The Afghanistan government has said it is disappointed by the punishment given to American troops convicted of abusing two Afghan detainees who later died.
Human Rights Watch says the sentence is too lenient
The government has said the two soldiers - sentenced up to three months in prison - had been shown unexpected leniency.
These were the first judicial sentences given to any US soldier convicted of abuse in Afghanistan since 2001.
A US-based human rights group has condemned the sentence as too lenient.
A spokesman for the Afghan president Hamid Karzai said the soldiers should have been severely punished.
One soldier has been sentenced to two months in prison, another to three months.
"The punishments given to those soldiers were very light and unexpectedly lenient, presidential spokesman Karim Rahimi told the Associated Press.
"This is a very serious issue. They should receive severe punishments."
He said the government was planning to take up the matter with US authorities.
A member of the Afghan Independent Human Rights Commission also criticised the sentences.
"These punishments are a joke. They all should have got 20 years in prison or be sentenced to death," Ahmad Shah Midad told Associated Press.
"A person's life has been taken. They must be punished properly."
The US has been under intense pressure for several months following allegations of abuse by its forces in US-run detention centres.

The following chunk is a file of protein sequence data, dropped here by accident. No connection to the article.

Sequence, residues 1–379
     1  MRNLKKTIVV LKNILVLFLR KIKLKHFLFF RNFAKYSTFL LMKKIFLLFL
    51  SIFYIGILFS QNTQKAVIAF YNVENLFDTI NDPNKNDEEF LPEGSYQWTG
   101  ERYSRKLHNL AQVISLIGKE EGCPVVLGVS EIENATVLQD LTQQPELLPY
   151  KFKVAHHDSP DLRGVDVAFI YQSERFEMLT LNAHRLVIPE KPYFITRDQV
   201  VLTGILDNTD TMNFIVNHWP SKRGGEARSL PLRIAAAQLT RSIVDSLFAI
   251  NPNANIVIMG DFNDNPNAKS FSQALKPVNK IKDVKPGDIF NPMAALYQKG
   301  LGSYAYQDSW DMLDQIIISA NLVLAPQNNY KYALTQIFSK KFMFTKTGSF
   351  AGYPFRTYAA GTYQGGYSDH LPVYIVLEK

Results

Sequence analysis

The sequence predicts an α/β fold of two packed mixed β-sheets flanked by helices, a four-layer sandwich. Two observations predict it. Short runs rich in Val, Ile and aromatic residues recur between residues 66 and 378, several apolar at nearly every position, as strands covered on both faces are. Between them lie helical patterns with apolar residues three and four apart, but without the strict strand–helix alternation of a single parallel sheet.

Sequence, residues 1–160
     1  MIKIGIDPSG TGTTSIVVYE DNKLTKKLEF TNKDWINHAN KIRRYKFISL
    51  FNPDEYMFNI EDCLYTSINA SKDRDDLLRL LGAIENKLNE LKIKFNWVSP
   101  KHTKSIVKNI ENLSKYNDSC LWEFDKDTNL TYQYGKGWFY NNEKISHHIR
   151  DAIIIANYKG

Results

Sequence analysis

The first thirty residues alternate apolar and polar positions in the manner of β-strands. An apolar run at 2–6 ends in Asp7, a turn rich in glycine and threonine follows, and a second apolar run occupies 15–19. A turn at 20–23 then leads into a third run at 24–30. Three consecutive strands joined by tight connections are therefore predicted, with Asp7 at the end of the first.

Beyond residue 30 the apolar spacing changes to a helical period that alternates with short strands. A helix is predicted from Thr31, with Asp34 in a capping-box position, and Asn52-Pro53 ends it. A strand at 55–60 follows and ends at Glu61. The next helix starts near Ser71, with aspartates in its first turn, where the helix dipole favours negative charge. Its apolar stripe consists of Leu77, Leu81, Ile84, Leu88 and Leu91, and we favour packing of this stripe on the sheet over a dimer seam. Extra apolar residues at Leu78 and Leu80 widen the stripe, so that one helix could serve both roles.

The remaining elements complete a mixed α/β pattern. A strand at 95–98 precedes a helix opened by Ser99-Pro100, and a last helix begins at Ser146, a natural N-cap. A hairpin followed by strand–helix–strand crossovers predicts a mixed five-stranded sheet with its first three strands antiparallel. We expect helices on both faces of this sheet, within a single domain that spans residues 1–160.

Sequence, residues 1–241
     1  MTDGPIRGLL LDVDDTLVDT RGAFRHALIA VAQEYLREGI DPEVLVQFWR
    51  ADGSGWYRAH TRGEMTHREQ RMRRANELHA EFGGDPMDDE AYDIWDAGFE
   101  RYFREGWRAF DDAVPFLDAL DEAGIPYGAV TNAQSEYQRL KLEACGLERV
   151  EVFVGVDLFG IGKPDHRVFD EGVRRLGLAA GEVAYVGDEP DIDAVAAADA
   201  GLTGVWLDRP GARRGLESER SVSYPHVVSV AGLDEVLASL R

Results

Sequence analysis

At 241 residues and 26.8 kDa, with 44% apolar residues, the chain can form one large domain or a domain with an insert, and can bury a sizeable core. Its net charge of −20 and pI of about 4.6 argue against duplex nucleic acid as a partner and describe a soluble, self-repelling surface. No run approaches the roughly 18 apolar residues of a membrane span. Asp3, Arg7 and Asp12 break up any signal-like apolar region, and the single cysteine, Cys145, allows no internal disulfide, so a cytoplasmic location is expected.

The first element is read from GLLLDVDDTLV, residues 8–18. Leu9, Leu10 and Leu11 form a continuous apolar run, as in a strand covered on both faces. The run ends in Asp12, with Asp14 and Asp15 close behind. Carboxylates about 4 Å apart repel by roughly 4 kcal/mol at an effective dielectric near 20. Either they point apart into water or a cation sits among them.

Specialist Glendale Wells pleaded guilty at a military court of pushing a detainee known as Dilawar against a wall. He also admitted doing nothing to prevent other soldiers at the US base at Bagram from abusing him.
In December 2002, Dilawar died at the base - after suffering what an internal US investigation revealed were repeated beatings by American troops while chained to the ceiling by his wrists.
A leaked New York Times report in May highlighted abuses
The BBC correspondent in Kabul, Andrew North, says two other soldiers have also been convicted in connection with the case, but neither were jailed - including one who faced more serious charges.
The New York-based group Human Rights Watch said the two month prison sentence given to Specialist Wells was very disappointing.
The punishment did not match the gravity of the crimes, said John Sifton, Human Rights Watch's lead researcher on Afghanistan.
He said it was another sign of what he called the US military's consistent failure to take abuse allegations seriously.
"These accused soldiers and their superiors were involved in numerous abuses and two detainee deaths," he said. "Yet all the officers so far have escaped punishment."
In May the deaths of Dilawar and another inmate, along with other allegations of abuse, were detailed by the New York Times, citing a 2,000-page document leaked from a US army investigation.
Afghan President Hamid Karzai said he was shocked and demanded action from the US.